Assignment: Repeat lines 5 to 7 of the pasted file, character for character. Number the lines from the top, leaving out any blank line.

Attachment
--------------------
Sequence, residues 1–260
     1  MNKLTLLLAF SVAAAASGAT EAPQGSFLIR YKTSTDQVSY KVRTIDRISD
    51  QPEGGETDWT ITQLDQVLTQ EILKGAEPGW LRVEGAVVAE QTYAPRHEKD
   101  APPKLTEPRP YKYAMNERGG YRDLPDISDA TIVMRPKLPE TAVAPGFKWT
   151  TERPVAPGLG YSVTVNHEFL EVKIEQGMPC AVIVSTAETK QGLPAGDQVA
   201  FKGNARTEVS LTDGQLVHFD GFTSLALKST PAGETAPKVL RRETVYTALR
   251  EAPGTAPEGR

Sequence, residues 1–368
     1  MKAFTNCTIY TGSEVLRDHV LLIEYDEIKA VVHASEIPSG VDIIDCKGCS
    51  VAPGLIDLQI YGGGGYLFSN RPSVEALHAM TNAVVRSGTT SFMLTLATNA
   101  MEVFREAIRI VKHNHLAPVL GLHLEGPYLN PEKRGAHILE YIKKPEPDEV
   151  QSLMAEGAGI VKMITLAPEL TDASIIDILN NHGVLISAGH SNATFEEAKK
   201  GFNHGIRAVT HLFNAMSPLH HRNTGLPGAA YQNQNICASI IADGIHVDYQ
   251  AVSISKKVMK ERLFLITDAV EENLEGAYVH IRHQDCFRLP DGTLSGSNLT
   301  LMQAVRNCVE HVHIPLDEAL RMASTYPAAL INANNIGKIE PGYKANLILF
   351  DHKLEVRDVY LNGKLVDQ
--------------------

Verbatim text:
   151  TERPVAPGLG YSVTVNHEFL EVKIEQGMPC AVIVSTAETK QGLPAGDQVA
   201  FKGNARTEVS LTDGQLVHFD GFTSLALKST PAGETAPKVL RRETVYTALR
   251  EAPGTAPEGR